On April 30, the English Premier League and some other football organizations will hit the pause button on their social media channels. Online discrimination and hatred are on the rise, and according to the organizations, companies like Facebook, Twitter and Instagram are not doing enough to stop the problem.
Racism has been discussed in European football since 1985. We are now about thirty years later and not much seems to have changed.
It is not only the supporters who show racist behavior. Recently we saw another player from Slavia Prague, Ondrej Kudela, who made a racist remark during a match. A few weeks later, UEFA decided to suspend him for 10 games.
It seems as if racism is ingrained in football culture and the federations do not immediately find a solution. That’s what 17 football players from the Dutch league have already said. Big names such as André Onana and Dumfries (captain of PSV) had their say in a big article on NRC. For example, Onana knew that he could not get a transfer to Italy because of his skin color. So it is not only a problem in England. With the boycott on social media, the English football league wants to send a signal to the rest of the world that something must change.
Hate comments on Twitter
Football White is one of the most hateful and critical places on the entire internet. There is not much wrong with criticism in itself, but when you personally insult, berate and even send death threats to players after a missed opportunity, the line is crossed. Thanks to the anonymity, it is very easy to send a tweet into the world without feeling guilty about it. People use that as an excuse to let their thoughts run wild, but don’t think about it any further.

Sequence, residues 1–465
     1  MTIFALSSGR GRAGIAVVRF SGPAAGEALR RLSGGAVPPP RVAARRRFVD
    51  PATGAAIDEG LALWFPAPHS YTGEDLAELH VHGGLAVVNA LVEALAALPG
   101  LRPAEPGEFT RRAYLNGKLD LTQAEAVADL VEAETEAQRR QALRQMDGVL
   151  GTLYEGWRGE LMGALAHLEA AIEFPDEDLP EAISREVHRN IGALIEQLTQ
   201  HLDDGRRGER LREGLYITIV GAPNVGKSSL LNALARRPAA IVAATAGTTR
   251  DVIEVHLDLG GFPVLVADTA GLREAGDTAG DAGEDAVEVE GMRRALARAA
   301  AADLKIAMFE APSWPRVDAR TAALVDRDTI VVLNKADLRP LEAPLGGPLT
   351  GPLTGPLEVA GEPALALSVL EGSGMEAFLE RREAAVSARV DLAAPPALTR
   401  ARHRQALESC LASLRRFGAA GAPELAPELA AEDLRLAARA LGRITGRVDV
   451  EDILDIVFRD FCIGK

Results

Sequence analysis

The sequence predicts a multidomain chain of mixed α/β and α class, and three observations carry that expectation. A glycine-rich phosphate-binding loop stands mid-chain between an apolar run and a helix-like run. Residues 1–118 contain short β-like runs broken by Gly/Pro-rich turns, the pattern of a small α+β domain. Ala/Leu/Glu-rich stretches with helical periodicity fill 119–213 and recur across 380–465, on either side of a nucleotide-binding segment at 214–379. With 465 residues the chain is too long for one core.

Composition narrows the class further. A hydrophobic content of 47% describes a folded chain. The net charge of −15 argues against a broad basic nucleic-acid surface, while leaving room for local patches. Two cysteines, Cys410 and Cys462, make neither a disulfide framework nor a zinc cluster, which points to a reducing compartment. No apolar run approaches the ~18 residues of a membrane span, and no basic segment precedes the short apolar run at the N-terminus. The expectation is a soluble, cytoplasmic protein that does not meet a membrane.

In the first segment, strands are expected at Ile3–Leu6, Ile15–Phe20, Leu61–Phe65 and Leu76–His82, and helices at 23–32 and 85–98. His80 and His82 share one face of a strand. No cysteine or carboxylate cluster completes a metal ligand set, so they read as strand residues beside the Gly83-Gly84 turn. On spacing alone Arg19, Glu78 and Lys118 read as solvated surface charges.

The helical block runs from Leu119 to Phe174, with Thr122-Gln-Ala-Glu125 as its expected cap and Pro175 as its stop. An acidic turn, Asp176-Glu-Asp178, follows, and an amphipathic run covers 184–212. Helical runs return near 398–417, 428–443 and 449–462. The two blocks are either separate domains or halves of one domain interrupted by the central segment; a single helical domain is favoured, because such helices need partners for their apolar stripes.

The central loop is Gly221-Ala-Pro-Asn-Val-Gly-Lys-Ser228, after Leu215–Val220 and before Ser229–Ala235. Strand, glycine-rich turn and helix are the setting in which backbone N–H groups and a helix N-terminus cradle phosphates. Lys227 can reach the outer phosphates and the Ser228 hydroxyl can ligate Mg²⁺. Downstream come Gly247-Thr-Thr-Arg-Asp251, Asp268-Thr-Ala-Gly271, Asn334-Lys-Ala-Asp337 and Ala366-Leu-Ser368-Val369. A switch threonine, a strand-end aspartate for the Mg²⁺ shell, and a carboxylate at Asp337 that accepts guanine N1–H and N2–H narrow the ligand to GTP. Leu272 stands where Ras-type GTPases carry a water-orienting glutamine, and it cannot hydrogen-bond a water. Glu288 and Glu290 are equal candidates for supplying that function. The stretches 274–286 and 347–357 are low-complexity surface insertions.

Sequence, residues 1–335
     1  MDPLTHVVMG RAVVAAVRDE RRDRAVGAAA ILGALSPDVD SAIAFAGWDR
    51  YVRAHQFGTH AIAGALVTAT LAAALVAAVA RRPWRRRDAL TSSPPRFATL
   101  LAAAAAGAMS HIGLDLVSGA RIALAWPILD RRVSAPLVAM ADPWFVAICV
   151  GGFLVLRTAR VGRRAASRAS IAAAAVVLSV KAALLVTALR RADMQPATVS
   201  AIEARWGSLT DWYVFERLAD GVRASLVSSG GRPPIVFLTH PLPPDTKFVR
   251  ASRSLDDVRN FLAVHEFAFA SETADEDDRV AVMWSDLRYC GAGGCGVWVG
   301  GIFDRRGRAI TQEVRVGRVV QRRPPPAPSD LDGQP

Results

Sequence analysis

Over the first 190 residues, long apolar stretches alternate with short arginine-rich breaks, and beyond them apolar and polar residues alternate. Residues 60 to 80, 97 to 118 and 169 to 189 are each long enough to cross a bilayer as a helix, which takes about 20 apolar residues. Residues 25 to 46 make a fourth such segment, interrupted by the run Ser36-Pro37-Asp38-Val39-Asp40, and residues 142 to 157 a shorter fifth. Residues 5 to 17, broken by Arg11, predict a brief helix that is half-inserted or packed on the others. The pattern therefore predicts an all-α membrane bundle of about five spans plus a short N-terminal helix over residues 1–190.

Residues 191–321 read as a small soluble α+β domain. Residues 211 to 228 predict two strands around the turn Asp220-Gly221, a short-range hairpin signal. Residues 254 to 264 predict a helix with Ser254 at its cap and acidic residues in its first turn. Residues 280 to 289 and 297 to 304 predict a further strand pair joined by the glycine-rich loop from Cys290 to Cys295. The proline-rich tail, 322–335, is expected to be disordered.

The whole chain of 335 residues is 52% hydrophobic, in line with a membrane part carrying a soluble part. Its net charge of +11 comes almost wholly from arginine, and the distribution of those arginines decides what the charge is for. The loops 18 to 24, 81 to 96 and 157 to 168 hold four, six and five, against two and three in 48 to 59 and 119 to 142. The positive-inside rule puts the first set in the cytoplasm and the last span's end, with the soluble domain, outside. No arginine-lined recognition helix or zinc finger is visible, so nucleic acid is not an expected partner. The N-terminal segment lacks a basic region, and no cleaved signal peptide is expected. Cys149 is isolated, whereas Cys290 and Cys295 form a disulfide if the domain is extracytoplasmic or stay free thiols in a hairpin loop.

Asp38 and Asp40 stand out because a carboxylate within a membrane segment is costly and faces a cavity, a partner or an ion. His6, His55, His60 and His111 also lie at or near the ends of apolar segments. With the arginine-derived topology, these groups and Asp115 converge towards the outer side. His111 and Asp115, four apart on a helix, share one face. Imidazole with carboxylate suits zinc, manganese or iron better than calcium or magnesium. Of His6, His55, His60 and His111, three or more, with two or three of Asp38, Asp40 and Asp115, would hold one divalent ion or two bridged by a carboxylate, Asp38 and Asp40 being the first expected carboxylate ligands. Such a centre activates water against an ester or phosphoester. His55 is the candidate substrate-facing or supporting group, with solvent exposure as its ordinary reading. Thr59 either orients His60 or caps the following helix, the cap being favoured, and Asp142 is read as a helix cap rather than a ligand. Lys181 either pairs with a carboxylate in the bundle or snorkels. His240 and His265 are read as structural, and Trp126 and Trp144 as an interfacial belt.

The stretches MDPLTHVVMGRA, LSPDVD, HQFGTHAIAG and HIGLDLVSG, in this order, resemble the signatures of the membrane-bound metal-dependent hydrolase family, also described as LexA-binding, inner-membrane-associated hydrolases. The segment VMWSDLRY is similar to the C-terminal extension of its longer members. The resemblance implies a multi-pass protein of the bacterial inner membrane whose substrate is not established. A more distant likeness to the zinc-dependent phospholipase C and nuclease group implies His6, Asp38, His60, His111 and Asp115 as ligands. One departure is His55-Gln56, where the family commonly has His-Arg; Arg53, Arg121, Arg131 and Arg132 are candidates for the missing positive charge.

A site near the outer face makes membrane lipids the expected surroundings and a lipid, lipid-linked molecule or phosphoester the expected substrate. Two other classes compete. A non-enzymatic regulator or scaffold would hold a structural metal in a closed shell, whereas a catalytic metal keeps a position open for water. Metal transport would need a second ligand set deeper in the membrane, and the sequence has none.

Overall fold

One of the pioneers in the fight against online hatred is Marcus Rashford, the English striker of Manchester United. Rashford raised this issue in February, before there was any talk of a national hush. He does blame Twitter, Instagram or Facebook and he’s right. Accounts posting hateful comments should be banned immediately, which is rare now.
Fortunately, it does not stop with the online boycott. The Premier League also demands that the government enact stricter legislation on social media. With an ‘online safety bill’, for example, companies such as Twitter and Instagram are held responsible for discrimination on their platform, and are also fined for it.
4 days of silence
The evening of April 30, the boycott will start on the social media channels of all football teams in England. So no new posts will appear for 4 days. Because owned media (media of the football club itself, ed.) are becoming increasingly popular, this will certainly have a major impact. The English football clubs have millions of followers and thus give the sign to all their supporters that online hatred has no place in our society. Yet this action is not spared criticism.
The controversial ‘Super League’ was brought down by the general public in two days. Because there was so much criticism on social media and by the football world itself, the initiators had no other choice. Why can’t you do the same with online discrimination? Why are there no protests by the football fans against racism?
When the football club’s identity is jeopardized, supporters take to the streets in droves, but when it comes to morality in the stands, it remains remarkably quiet. The campaign to boycott four days is certainly a start in the fight against discrimination, although it should not stop there.